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July 23, 2013 5:41 pm
Many of us live our lives plugged into sound – just glance around any commuter train. And yet this capacity to capture or recreate live sound – be it music or soundtrack – is comparatively recent. As Matthew Herbert points out in the programme for The Hush, we have no recordings of the French Revolution. With this in mind, Herbert, a composer, DJ and sound designer, and Ben Power, associate director of the National Theatre, have composed this 50-minute meditation on sound and memory, encouraging us to listen acutely and consider the way sound, reality and imagination intertwine.
They are not the only creative team to concentrate on noise. The theatre company Sound&Fury have performed in the dark, using brilliantly placed sound effects to tell the story. Herbert and Power, however, take a more contemplative approach, stripping away text and relying mostly on sound effects to speak.
They create a sound-studio that operates as a sort of therapy room for two characters. The man (Tobias Menzies) visits the studio to recreate a moment in a relationship, getting the two Foley artists, who we can see operating in a gallery above him, to replicate the exact drag on a cigarette, rustle of sheets and rattle of keyboard keys that will transport him back to that lost instant. The woman (Susannah Wise) listens to a soundtrack created by her father that will evoke scenes from her life and from his: a summer meadow; a swimming pool; a terrifying train journey from his childhood interrupted by border guards.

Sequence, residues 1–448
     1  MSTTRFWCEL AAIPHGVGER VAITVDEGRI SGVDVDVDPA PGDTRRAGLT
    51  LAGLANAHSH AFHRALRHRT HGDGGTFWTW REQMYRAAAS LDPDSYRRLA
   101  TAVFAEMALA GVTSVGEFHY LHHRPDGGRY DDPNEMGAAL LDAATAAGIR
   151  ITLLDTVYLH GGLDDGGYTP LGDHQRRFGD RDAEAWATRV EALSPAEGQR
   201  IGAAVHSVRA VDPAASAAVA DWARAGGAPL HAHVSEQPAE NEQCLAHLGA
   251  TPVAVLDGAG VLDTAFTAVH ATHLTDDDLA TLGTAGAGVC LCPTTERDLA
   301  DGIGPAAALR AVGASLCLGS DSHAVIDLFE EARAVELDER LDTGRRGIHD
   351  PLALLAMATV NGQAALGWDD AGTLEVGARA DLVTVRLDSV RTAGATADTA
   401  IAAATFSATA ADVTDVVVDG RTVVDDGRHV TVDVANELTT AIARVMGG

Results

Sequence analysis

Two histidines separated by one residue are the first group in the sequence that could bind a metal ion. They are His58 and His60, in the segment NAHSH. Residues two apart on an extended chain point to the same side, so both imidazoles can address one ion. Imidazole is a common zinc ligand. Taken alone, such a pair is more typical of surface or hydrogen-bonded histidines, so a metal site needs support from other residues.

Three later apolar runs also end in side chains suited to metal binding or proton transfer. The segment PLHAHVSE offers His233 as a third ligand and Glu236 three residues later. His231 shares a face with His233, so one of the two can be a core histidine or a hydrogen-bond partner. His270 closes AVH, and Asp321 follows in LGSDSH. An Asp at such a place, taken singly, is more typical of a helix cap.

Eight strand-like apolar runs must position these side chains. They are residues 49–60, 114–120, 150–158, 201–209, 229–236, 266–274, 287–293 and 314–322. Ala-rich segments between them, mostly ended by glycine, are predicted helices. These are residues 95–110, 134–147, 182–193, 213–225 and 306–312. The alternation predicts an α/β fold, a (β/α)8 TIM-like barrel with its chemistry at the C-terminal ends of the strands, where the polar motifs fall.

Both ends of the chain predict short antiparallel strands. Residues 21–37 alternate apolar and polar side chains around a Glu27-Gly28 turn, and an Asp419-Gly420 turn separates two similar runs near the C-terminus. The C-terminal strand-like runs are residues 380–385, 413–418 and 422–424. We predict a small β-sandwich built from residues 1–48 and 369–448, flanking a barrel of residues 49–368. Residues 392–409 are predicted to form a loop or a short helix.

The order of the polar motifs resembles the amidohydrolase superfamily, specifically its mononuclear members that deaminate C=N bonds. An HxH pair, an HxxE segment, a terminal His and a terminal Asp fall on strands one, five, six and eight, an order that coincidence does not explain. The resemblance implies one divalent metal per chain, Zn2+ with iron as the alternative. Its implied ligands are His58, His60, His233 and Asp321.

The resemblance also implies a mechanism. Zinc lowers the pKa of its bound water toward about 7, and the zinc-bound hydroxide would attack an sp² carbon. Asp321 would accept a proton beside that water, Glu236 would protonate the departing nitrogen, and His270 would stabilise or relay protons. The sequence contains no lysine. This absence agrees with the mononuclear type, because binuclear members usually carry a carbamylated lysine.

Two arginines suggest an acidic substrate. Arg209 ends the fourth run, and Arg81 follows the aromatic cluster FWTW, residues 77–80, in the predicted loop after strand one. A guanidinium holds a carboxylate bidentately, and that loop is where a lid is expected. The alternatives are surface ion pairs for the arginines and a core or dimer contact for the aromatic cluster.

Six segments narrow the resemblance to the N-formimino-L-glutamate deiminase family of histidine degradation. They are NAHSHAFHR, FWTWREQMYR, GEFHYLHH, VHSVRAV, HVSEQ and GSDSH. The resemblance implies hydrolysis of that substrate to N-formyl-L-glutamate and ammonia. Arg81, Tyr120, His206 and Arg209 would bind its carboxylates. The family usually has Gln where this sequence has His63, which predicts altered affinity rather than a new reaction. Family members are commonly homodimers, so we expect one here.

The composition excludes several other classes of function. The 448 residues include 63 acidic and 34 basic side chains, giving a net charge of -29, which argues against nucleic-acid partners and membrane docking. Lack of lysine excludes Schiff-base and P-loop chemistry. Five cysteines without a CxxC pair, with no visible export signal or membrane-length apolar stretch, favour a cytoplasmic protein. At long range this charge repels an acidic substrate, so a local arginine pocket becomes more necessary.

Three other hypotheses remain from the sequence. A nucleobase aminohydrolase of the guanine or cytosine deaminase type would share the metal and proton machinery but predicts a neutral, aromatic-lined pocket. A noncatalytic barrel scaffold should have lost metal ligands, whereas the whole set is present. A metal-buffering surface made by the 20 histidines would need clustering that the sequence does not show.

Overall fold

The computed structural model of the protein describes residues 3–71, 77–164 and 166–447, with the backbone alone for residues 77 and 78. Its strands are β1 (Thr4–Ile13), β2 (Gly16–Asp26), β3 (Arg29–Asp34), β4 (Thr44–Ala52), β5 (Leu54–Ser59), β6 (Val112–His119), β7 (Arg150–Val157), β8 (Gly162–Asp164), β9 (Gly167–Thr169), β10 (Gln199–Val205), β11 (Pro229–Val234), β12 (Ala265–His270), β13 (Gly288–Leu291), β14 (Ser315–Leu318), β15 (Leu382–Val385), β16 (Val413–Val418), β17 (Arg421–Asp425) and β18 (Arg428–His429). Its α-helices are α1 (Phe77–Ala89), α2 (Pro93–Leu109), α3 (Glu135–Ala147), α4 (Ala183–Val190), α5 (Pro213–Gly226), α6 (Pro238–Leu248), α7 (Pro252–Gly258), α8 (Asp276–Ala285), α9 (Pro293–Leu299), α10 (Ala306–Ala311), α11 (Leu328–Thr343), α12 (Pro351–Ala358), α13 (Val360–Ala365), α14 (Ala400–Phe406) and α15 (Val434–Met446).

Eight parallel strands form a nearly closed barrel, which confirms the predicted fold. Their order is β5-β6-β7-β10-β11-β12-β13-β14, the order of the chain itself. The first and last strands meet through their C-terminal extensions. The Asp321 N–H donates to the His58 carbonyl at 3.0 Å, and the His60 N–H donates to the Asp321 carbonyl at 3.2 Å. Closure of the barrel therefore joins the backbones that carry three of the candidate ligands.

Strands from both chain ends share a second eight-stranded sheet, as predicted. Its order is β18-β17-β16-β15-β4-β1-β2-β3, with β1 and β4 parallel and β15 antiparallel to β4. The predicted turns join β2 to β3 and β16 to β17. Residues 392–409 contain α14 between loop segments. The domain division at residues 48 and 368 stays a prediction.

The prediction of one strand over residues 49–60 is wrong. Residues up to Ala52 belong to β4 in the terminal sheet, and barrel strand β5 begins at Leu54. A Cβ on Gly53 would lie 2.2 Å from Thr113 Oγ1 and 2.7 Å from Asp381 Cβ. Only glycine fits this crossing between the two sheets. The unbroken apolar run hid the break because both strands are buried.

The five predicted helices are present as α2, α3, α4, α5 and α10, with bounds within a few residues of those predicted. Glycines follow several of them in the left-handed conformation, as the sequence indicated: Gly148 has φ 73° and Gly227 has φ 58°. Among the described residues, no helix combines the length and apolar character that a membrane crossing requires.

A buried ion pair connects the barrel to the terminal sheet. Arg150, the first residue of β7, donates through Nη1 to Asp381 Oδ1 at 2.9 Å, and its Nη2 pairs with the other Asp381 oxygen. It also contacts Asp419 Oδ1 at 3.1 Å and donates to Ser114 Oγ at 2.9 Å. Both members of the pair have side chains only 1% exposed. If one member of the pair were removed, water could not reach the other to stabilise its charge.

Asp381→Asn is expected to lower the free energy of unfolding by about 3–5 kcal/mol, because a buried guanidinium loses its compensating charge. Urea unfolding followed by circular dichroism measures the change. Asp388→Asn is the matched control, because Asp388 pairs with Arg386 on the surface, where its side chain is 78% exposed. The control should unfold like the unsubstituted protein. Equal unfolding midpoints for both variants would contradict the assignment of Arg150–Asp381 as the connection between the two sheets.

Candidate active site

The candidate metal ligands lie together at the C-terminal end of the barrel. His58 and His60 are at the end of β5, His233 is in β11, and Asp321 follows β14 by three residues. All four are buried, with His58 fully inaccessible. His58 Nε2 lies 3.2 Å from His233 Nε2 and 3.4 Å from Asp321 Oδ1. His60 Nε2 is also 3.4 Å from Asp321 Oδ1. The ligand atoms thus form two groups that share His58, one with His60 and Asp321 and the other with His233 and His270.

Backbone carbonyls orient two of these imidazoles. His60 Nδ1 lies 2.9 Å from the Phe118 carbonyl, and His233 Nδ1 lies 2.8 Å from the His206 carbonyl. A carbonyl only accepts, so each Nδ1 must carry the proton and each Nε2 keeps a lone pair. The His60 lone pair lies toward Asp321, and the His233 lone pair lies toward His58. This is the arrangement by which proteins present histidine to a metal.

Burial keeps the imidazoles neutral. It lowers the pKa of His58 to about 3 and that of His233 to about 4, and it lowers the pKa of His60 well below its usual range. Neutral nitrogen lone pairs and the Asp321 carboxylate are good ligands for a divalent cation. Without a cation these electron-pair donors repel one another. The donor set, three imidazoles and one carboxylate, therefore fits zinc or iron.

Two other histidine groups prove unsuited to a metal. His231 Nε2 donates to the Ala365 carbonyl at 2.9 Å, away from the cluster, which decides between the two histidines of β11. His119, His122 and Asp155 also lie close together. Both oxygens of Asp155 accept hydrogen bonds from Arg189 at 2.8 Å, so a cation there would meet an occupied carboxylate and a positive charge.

The sound is so precisely orchestrated that you feel the audience flinch as the heavy boots of guards and ominous breathing of dogs approach on the train. Being more closely attuned aurally makes you notice things: when Menzies enters, swigging from a wine bottle, we can deduce from the sound that it is nearly empty, which tells its own story about his state of mind. The show explores the way memories are constructed and recalled.
But though it is a great pleasure to sit and really listen, the piece feels like the start of something, rather than the conclusion. Picking up on the aural clues seems to be designed to lead us somewhere, to some narrative perhaps, but that doesn’t happen, and the show ends on a rather perplexing note. The programme note talks about working towards “an instrumental theatre”. This feels like a step on the way: fascinating, but fragmentary.
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